It is of the utmost importance that we work together as a whole school community to provide a safe environment where our children can enjoy the experience of growing up and maturing into young adults.

If you have any concerns about an issue relating to bullying as the year progresses, please write to your class teacher and the relevant Head of School to inform them of your concerns. You can also arrange a time to speak with a student counsellor to ask for advice, as we are always happy to help.  

Have a great year, with many happy memories collected along the way!

Duke of Edinburgh Silver Expedition: 3 Days hiking in the Ciucas Mountains

Congratulations to Daria, Fibi, Andrei, Diana, Irina, and Mario who completed a three-day hiking expedition in the Ciucas Mountains. They displayed excellent planning, preparation, teamwork, and resilience in overcoming all the challenges the expedition entailed (from the additional measures related to SARS-COV2 prevention, to navigation in poorly marked areas, and simply finishing 20 km walks and over 1000m vertical ascent per day).

Also, we are happy to announce that the DofEIA programme is growing in our school, as three members of staff were trained as ‘leaders’ last week: Ms Carmen Raducanu, Mr Anthony Varden, and Mr James Hudson. The role of the leader is to mentor the participants and ensure that they have the necessary support to achieve their personal goals in every section of the programme (Skills, Service, Physical Recreation, and Adventurous Journey).

With Carmen, Anthony, and James now on hand to help programme coordinator, Ms Johanna Croci, we have no doubt that our students will continue to receive the best possible support on their Award journey.

EYFS ‘Going on Bug Hunt’

EYFS have been learning about Mini beasts and are now able now to differentiate between insects and spiders. They learned that insects have got 6 legs and 3 body parts, while the spiders have got 8 legs and 2 body parts. They then had a lot of fun outside bug hunting in the garden using nets and magnifying glasses. They were also involved in various hands-on activities like spider hand printing and making spider webs, developing their hand-eye coordination and control and had the opportunity to grasp new mathematical concepts like ’symmetry ’and ’the same’ whilst carrying out their investigations. So don’t be surprised if they come up to you all excited with a bug they’ve caught wanting to tell you all about it!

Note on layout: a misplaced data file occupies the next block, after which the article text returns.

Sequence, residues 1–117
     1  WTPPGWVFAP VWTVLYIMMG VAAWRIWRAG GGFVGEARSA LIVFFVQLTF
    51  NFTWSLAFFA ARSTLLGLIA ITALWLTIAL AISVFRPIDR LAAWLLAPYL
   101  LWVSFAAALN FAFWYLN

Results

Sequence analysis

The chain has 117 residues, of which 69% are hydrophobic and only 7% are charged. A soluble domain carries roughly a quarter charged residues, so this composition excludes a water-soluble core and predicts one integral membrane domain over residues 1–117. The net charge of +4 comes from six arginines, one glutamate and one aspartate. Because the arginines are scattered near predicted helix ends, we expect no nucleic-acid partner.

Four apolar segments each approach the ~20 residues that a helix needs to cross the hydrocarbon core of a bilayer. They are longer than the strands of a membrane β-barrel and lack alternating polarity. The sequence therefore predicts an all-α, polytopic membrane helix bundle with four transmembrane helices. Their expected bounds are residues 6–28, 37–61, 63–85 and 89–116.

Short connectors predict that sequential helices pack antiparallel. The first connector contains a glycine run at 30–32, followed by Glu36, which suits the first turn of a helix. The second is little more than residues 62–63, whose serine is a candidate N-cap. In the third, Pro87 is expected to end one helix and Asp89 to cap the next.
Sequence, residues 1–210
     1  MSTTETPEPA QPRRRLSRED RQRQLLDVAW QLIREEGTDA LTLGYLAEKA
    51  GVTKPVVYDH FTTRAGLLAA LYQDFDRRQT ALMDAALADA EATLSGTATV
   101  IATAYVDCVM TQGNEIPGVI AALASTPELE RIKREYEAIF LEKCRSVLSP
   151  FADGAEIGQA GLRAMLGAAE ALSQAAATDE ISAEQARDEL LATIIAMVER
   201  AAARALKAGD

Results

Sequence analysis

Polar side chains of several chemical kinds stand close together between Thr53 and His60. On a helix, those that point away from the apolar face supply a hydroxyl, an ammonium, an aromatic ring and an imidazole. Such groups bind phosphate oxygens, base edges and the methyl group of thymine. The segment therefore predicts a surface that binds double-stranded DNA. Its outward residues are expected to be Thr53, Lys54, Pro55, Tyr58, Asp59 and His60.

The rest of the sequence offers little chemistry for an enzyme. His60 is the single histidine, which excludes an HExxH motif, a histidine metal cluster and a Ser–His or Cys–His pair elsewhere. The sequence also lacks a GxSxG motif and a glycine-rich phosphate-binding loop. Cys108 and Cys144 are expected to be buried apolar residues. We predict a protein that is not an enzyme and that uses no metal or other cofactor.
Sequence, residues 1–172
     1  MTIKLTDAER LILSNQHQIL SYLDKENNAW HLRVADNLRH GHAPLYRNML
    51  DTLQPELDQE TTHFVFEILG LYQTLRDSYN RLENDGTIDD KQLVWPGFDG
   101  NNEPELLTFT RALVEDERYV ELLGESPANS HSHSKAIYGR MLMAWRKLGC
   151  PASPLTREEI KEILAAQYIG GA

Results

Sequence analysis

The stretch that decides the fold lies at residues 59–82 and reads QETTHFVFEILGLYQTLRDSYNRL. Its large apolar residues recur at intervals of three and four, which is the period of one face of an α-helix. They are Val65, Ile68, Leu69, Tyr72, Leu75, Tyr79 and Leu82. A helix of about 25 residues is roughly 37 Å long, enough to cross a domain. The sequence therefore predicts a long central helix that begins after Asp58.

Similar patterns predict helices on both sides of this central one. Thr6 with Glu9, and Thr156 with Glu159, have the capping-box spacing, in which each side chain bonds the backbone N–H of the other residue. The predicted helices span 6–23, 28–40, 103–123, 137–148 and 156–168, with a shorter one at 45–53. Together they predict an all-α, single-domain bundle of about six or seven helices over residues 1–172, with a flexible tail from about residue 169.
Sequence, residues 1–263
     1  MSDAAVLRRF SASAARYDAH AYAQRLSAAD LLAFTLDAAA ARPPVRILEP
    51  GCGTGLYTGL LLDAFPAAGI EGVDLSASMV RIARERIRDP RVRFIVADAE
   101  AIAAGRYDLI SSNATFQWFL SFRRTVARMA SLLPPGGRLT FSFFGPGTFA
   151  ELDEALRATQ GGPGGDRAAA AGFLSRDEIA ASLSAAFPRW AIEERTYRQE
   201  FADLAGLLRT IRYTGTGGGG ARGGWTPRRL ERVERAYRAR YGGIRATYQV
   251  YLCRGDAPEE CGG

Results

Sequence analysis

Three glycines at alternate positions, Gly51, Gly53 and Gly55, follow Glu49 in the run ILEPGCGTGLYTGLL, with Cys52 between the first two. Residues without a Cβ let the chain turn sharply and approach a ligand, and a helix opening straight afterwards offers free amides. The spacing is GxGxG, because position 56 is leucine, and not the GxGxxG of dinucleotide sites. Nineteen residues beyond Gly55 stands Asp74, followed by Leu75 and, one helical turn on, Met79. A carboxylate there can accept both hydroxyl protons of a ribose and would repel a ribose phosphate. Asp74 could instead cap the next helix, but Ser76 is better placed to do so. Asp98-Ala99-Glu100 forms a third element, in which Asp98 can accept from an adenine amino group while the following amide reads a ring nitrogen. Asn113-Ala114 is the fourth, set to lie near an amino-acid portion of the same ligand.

Year 1 Music

This week Year 1 had fun in their music lesson where they learned that it is important to respect each other and work as a team. Each student having received a whistle, followed the teacher’s instructions, paying attention to each other to know when it was their turn to play, and as a result managed to create music in harmony. They all learned how important it is to have patience and to listen carefully to the sounds around them. More importantly, they learned that an enthusiastic attitude and trying your best can create a beautiful song together and were very proud of their result.